Students, alumni and faculty gathered at the Rhody Market on Tuesday night to cheer for URI alumnus Mat Franco in the finals of “America’s Got Talent”, the day before his win was announced.
Franco, a magician who graduated from URI in 2010 with a degree in marketing, reached the finals after weeks of performances that were well received by the audience and the program’s judges.
”You look at the judges, they’re having as much fun as he is,” assistant director of communications Dave Lavallee said. “I don’t recall one judge saying a bad thing. They didn’t have any criticism of his performances throughout the whole show. I don’t know if you could say that about every act, but he’s certainly has gotten high marks all the way along.”
Franco was one of six final performers on Tuesday’s program. The others included acrobatic troupe AcroArmy and young R&B singer Quintavious Johnson.
Rhody Market erupted in cheers as Franco walked on stage for his first performance. The act, based on one he performed at his audition, was a cup-and-ball trick based around a humorous poem.
“I thought it was really great,” freshman pharmacy major Jessica Tolchinsky said. Compared to his other performances, she said, “I thought this one was way better because he was rhyming and it was entertaining. It was a show and a magic trick.”
Between the performances, a group photo of Franco supporters was taken by social media coordinator Shelbey Bidell for URI’s Facebook and Twitter profiles. The photo was retweeted by Franco himself between performances to his 18,000 Twitter followers. In the photograph, Tolchinsky held a cardboard cutout of Franco’s face.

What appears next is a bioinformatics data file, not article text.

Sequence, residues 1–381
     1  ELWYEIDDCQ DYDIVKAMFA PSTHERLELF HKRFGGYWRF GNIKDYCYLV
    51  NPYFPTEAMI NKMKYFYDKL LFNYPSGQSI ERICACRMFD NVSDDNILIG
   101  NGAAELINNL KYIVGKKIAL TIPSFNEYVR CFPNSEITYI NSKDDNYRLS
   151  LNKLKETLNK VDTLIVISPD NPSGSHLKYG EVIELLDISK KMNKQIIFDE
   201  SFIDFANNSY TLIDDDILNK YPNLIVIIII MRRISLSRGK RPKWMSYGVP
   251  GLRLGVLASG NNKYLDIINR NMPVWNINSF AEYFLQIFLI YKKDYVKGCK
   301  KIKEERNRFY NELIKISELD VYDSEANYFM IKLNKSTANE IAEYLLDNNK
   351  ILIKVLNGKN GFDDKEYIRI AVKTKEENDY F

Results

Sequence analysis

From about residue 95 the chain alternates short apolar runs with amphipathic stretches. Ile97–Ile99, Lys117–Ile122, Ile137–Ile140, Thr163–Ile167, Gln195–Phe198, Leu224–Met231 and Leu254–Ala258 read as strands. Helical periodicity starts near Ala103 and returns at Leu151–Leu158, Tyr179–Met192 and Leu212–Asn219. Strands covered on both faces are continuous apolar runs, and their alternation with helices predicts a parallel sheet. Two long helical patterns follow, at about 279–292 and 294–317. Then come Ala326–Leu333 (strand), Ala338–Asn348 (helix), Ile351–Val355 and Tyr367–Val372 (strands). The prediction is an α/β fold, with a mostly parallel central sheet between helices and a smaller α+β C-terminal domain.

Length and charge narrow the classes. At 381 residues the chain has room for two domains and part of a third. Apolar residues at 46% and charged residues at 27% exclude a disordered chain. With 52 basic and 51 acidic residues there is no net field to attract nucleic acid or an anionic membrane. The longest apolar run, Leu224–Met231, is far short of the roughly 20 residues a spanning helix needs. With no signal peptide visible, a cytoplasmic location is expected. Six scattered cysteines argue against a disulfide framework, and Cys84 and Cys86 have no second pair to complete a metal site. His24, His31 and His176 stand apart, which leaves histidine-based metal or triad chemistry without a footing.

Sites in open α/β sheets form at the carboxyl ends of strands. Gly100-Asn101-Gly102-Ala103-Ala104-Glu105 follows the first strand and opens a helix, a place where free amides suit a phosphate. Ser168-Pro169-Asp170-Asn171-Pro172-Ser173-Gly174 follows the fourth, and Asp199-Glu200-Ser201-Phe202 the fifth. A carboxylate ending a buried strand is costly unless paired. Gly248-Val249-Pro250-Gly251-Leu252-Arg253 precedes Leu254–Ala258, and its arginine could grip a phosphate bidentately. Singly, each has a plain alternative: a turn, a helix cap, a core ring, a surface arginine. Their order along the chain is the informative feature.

Franco’s second performance featured an elaborate trick with involving a two decks of cards: a regular deck and a “human deck” of audience members holding large playing cards. Franco asked judges Howard Stern and Melanie Brown to sort the decks into cards they believed were of either red or black suits. When the cards in both decks were revealed by Franco, all the judges’ calls were correct, save one black card – a three of clubs – that both judges put into the red pile.
“I thought that second act was spectacular because it was a big act. It was the kind of act that you could really perform in Vegas,” Lavallee said. “He showed he could that he could carry that as much as he can the smaller card tricks”
The large turnout for the party pleased Franco’s longtime supporters. “I think it was really great, way bigger than last time,” Tolchinsky said. “I’m so glad all these people are coming to support him.”
Lavallee was optimistic about Franco’s future after the show. “I think he’s going to do very well. Whether it’s performing in Vegas or going on tour, he’s going to be in demand.”
He added, “He’s likeable. He has a sense of humor, too. A lot of these magicians today take themselves very seriously. He doesn’t. He’s having fun with it. That’s kind of his secret. It’s not about the magic, it’s about the fun.”
The Tuesday performance was followed by the Wednesday results show, in which Franco won the competition, $1 million and a headlining show Las Vegas.